By Mike Dunn
PHILADELPHIA (CBS) – One day after Earth Day, the debate over plastic bags used by stores returns front and center to Philadelphia City Council. A city councilman today will propose a measure that would force all stores in the city to charge a nickel for every shopping bag — plastic or paper.READ MORE: $35 Million In Federal COVID-19 Relief Coming To Aid Of New Jersey Bars, Restaurants
First in 2007 and again in 2009, attempts were made by city council members to ban plastic bags outright. But those measures died amid intense lobbying from the grocery and petrochemical industries.
Now First District Councilman Mark Squilla is introducing a bill with a different approach. Rather than a ban, retailers would have to charge five cents for every bag used at the point of sale, whether paper or plastic.
“There would be no more free bags to be issued (by stores) in the city of Philadelphia,” Squilla says. “The fee would be five cents per plastic bag or paper bag, and that money would be split between the retailer and the city of Philadelphia.”
Under his plan, three cents of each nickel fee would be kept by the store to defray costs. The remaining two cents would go to the city to fund anti-littering programs.
The fee would not apply to larger, durable bags of canvas or plastic that are meant to be used multiple times. In fact, Squilla says he hopes the law would encourage re-usable bags:READ MORE: Seven Dead Puppies Found On Entrance Ramp To Route 55 In Vineland
“I think that most people would be able to understand that because of the fee, we have to go to re-usable bags, bring re-usable bags with them, or pay that five cents if they don’t.”
Charging a fee for bags is likely to provoke criticism from both sides of the issue — from retailers who would oppose any such regulation, and from environmental activists who want to see an outright ban. Squilla believes this is a reasonable compromise:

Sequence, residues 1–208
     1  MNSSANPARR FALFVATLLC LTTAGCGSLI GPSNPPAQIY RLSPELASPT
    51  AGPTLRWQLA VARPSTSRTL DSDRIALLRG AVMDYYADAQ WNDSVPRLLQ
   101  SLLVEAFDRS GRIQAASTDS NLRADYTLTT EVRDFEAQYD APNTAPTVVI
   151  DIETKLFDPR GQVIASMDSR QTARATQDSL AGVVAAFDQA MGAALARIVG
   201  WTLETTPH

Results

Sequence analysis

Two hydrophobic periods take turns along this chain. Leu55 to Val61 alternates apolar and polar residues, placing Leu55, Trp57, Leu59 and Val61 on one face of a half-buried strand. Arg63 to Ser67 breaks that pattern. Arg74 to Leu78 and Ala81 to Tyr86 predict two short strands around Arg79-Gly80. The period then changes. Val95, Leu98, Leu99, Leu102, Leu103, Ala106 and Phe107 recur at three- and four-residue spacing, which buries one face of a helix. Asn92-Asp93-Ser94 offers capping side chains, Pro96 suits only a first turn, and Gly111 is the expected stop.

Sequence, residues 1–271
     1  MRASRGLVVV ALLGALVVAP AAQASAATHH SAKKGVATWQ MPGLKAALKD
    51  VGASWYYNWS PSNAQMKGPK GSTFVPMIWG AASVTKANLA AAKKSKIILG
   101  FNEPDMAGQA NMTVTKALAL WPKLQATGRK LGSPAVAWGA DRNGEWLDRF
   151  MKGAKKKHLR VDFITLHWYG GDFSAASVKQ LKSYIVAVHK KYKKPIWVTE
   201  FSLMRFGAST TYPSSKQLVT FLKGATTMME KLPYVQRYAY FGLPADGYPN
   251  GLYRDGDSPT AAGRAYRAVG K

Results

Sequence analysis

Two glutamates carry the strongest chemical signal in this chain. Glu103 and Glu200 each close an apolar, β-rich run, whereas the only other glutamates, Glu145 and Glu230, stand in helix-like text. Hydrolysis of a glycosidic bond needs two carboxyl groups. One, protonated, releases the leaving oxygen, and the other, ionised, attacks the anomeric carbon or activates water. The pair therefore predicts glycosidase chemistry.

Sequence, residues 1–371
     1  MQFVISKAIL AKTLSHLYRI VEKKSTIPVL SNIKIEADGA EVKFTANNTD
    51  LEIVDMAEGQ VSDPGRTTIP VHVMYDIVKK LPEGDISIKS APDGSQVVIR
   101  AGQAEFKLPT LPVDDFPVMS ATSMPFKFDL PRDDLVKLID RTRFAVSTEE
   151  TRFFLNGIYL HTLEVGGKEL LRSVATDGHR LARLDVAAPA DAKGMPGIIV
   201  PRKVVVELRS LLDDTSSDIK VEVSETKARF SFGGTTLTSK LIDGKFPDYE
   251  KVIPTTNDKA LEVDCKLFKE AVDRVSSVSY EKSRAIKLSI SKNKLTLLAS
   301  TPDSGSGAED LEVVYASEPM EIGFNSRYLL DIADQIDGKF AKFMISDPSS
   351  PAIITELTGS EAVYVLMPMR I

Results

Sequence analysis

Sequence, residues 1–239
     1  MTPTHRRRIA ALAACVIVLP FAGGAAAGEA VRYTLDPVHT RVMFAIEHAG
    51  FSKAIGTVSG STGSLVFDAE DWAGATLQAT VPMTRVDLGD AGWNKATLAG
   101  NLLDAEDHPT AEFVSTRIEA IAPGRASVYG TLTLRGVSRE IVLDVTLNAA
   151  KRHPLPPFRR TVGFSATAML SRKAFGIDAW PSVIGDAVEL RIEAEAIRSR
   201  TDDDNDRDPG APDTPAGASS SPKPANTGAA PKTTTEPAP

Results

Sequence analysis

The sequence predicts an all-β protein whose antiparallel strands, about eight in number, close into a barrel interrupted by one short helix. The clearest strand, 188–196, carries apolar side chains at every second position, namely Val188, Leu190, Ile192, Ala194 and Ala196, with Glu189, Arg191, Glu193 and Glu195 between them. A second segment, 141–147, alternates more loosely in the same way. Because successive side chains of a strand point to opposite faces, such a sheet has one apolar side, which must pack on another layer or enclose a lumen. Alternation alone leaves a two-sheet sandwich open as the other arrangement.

“We felt this was a way to reach a middle ground, to work with the retailers, and say people are allowed to use the plastic bags, but they have to pay a fee. A fee on these bags would then reduce the usage of them, therefore enable us to hopefully clean up some of the city of Philadelphia.”
Squilla says he included paper bags in the measure because he felt that singling out plastic bags would simply lead to more paper bag litter.
Under Squilla’s plan, stores could opt out by not offering single-use bags, but must place signs informing customers of that decision. It does include some exceptions, including bags used by dry cleaners and pharmacies, and bags used to wrap meats, baked goods or flowers.
If approved by council and signed by the mayor, the bag fee would not take effect until July 1st of 2016.MORE NEWS: Delaware County Community College To Host Large-Scale COVID-19 Vaccination Site Beginning Saturday
The failed 2009 proposal to ban bags outright was sponsored by Frank DiCicco, who preceded Squilla in representing the First District. At the time he attributed the defeat to lobbying by a trade group for the petrochemical industry.